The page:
Amparo Bertram (spacealien_vamp) wrote,
Amparo Bertram

If it's in the textbook, it must be true...

The weather has cooled down to the point that it's in the 50s when I wake up in the morning. I'm going to have to haul out the heater pretty soon.

Yesterday a pair of students came to my desk and gave me a piece of candy in return for the Halloween treats. It was the cutest thing. ^_^

Another thing that happened yesterday was that a group of teachers, office personnel, and other people from Ritsumeikan came to introduce themselves. It seems they will be observing/inspecting the school. They didn't show up in any of my classes, but I saw them walking around the building during the day.

I had some idle time, so I read the footnotes at the bottom of the teacher's manual for one of my textbooks. Usually I ignore such notes, because they typically explain little nuances of English and foreign culture for JTEs, so it isn't generally anything I need to know. This particular lesson involved a party setting, so this footnote was about parties.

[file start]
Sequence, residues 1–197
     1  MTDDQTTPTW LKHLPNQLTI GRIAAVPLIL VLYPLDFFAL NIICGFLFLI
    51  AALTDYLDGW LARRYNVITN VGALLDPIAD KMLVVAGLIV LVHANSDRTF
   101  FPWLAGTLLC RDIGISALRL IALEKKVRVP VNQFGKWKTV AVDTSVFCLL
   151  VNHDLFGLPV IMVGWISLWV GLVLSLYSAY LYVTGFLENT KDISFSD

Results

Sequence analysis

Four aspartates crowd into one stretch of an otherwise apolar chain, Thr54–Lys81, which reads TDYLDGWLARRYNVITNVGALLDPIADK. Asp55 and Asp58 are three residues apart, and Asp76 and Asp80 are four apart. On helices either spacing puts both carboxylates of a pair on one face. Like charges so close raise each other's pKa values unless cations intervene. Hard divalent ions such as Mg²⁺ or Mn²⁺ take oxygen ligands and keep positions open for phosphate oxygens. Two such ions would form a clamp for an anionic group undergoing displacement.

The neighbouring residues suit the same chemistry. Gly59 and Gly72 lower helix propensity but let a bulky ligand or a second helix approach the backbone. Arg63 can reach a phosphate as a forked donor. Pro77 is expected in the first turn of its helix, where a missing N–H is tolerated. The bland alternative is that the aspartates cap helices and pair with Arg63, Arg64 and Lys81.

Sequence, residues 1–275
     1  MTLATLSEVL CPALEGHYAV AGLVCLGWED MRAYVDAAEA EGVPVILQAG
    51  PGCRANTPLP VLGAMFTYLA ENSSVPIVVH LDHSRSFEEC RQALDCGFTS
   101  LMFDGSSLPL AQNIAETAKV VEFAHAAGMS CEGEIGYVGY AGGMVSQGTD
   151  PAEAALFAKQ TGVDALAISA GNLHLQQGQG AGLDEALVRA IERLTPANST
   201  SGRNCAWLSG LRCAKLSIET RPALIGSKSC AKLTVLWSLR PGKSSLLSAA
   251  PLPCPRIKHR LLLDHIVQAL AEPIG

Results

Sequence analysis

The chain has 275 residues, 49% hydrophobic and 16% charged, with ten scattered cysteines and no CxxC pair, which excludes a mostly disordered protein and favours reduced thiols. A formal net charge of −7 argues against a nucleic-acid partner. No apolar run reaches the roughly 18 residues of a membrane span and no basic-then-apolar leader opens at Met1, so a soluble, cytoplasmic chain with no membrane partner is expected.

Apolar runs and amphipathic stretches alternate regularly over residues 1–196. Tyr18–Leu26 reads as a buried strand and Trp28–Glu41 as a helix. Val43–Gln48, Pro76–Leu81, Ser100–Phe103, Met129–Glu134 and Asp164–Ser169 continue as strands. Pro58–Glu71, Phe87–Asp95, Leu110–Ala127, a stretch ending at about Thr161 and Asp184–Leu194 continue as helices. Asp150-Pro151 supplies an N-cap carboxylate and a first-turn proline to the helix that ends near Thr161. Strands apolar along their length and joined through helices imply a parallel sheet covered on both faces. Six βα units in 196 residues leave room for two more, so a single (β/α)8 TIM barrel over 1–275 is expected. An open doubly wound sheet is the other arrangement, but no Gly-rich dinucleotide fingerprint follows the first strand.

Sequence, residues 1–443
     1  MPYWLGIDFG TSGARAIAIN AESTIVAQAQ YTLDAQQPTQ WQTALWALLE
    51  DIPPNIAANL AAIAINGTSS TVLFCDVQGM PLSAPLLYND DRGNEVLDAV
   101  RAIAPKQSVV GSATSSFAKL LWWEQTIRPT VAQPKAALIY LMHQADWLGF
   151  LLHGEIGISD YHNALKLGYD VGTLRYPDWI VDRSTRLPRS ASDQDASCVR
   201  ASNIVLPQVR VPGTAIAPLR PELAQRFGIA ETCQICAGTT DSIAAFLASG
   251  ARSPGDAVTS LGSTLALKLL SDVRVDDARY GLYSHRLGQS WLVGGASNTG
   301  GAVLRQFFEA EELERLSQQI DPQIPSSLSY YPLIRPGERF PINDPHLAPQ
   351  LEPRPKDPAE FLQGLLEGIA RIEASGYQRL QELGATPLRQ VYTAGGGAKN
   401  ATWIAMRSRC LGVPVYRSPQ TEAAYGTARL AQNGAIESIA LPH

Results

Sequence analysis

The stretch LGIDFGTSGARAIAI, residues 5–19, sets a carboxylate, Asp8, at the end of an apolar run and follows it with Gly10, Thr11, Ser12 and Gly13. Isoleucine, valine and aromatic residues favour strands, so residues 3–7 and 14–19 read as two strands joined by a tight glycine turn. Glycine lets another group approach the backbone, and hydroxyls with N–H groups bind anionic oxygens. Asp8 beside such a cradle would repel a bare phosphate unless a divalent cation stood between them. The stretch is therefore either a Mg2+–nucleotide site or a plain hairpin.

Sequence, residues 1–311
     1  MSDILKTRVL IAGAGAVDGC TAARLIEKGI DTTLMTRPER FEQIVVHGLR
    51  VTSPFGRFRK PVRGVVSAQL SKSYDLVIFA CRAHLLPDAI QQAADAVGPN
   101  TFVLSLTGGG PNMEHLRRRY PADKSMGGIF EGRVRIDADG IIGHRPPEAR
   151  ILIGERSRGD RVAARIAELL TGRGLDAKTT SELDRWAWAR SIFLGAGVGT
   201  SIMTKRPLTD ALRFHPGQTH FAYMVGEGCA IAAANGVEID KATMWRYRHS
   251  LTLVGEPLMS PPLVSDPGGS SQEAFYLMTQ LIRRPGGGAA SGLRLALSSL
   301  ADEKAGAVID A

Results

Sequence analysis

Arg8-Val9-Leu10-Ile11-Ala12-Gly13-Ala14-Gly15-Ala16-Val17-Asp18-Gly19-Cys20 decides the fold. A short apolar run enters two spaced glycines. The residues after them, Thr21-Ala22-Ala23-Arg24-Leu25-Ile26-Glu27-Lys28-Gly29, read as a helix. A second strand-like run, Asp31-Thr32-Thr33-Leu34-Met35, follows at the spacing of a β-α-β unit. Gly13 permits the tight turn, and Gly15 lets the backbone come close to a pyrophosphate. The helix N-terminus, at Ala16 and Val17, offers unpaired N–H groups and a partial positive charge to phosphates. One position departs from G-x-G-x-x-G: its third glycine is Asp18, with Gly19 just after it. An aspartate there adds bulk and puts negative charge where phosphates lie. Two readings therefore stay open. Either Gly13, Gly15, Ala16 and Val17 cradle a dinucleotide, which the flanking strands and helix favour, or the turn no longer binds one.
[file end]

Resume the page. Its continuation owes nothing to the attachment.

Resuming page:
It said to explain to the students that, if they ever go to a party at an American's house, they will notice that the house has incandescent lights. Japanese houses, in contrast, are as a rule lit mainly with fluorescent lights. The students are to be warned that they will find the lighting in the American's home dimmer than they are accustomed to, but they should also know that the dim lighting facilitates social interaction at parties.

This is followed by an explanation that the probable reason Americans use incandescent lighting is that, unlike the hardy brown eyes of Japanese people, Americans' blue eyes are weak and therefore find fluorescent lighting too bright. It adds that this is why so many non-Japanese people wear sunglasses.

...Now I know where the City of Glass author gets it. She must have learned it in school.
Tags: culture, school
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